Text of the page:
--end note]

If ensuring your implementation is correct and either uses an integer type that can handle the extremely large values and/or adding overflow/underflow handling does not help and fix the problem(s) then next I would "dry run" your code - i.e. execute it yourself plugging in values that fail and follow the program flow and track the values by hand. If you have a debugger available and know how to use it and how to build your code for use with the debugger then you could step through the code using a debugger. Of course with very large numbers of operations to produce a result this is going to take a very long time, so you may need to get creative and/or learn to use (the more advanced features of) a debugger <g>!

This is all I would do and as its your code I think you can do it just as well as I could, and you should have the advantage in that you should know what the expected results and behaviours are.

I shall re-iterate that point: you _should_ have understanding of the functions you are implementing, their complexity and the expected range of values they are to produce for given inputs and use types appropriate for these values. You _have_ to be able to debug and fix the code you create. Writing code and then asking someone else to make it work is not really on. Get used to using such techniques - we all do for the code we write (in fact writing the test code - unit tests - for a module of code often takes as much if not more time than writing the code itself). Of course in the professional development sphere you might well end up fixing code you did not write - but in such cases you hope to be paid for the time, or you are specifically contributing to say an open source project. In any case you would expect that the original creator of the code would have at least fixed the obvious/initial problems with the code.

Also, just a small point: it seems that you are writing C rather than C++ and I am a C++ expert...although I think it is fairly irrelevant in this particular case <g>!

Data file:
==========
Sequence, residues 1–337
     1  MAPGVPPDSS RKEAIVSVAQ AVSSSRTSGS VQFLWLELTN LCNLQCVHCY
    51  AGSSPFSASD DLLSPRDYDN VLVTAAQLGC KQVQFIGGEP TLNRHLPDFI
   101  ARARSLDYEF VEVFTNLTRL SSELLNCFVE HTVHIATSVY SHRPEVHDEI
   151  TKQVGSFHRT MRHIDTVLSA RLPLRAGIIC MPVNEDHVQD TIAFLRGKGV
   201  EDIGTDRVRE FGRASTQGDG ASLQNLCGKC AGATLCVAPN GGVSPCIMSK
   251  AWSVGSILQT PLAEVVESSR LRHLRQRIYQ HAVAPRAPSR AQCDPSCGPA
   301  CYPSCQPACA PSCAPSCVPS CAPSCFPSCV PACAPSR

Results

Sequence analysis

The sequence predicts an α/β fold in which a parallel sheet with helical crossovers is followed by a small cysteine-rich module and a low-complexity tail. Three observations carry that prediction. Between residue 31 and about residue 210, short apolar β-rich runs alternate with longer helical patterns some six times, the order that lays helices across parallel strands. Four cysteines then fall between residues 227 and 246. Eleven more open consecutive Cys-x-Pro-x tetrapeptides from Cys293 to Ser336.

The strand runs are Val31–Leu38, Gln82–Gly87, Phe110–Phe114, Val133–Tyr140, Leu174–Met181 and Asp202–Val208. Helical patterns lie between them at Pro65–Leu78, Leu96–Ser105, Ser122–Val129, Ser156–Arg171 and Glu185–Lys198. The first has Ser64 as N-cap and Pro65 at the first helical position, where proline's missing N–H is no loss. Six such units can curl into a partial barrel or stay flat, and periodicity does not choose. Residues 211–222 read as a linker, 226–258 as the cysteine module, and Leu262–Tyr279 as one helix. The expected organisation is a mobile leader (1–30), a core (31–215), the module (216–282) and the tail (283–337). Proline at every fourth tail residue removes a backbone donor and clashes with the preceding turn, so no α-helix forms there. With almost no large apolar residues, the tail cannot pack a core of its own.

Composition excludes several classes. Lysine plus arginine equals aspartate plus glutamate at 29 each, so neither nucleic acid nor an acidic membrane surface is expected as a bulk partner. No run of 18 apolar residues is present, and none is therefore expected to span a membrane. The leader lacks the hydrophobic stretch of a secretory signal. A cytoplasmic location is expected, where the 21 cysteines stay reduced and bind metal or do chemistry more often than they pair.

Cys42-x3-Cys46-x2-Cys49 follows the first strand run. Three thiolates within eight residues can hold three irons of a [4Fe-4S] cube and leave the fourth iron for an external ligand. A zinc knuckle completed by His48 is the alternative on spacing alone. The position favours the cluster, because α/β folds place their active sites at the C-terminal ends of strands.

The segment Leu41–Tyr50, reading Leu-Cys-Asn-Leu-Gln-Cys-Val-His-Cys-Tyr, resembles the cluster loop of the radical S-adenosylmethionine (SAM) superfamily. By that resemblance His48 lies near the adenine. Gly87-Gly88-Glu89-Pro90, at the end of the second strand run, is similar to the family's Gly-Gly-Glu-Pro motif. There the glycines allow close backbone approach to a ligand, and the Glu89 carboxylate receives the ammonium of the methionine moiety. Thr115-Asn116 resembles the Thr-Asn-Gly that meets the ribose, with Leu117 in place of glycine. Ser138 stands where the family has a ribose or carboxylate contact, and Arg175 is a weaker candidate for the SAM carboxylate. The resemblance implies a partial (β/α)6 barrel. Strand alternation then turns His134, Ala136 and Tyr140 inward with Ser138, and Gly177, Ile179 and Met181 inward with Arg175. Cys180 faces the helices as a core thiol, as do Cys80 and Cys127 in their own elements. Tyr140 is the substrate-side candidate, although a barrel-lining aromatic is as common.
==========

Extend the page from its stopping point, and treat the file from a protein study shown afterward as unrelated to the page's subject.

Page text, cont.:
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Ralph McArdell


I am a software developer with more than 15 years C++ experience and over 25 years experience developing a wide variety of applications for Windows NT/2000/XP, UNIX, Linux and other platforms. I can help with basic to advanced C++, C (although I do not write just-C much if at all these days so maybe ask in the C section about purely C matters), software development and many platform specific and system development problems.


My career started in the mid 1980s working as a batch process operator for the now defunct Inner London Education Authority, working on Prime mini computers. I then moved into the role of Programmer / Analyst, also on the Primes, then into technical support and finally into the micro computing section, using a variety of 16 and 8 bit machines. Following the demise of the ILEA I worked for a small company, now gone, called Hodos. I worked on a part task train simulator using C and the Intel DVI (Digital Video Interactive) - the hardware based predecessor to Indeo. Other projects included a CGI based train simulator (different goals to the first), and various other projects in C and Visual Basic (er, version 1 that is). When Hodos went into receivership I went freelance and finally managed to start working in C++. I initially had contracts working on train simulators (surprise) and multimedia - I worked on many of the Dorling Kindersley CD-ROM titles and wrote the screensaver games for the Wallace and Gromit Cracking Animator CD. My more recent contracts have been more traditionally IT based, working predominately in C++ on MS Windows NT, 2000. XP, Linux and UN*X. These projects have had wide ranging additional skill sets including system analysis and design, databases and SQL in various guises, C#, client server and remoting, cross porting applications between platforms and various client development processes. I have an interest in the development of the C++ core language and libraries and try to keep up with at least some of the papers on the ISO C++ Standard Committee site at http://www.open-std.org/jtc1/sc22/wg21/.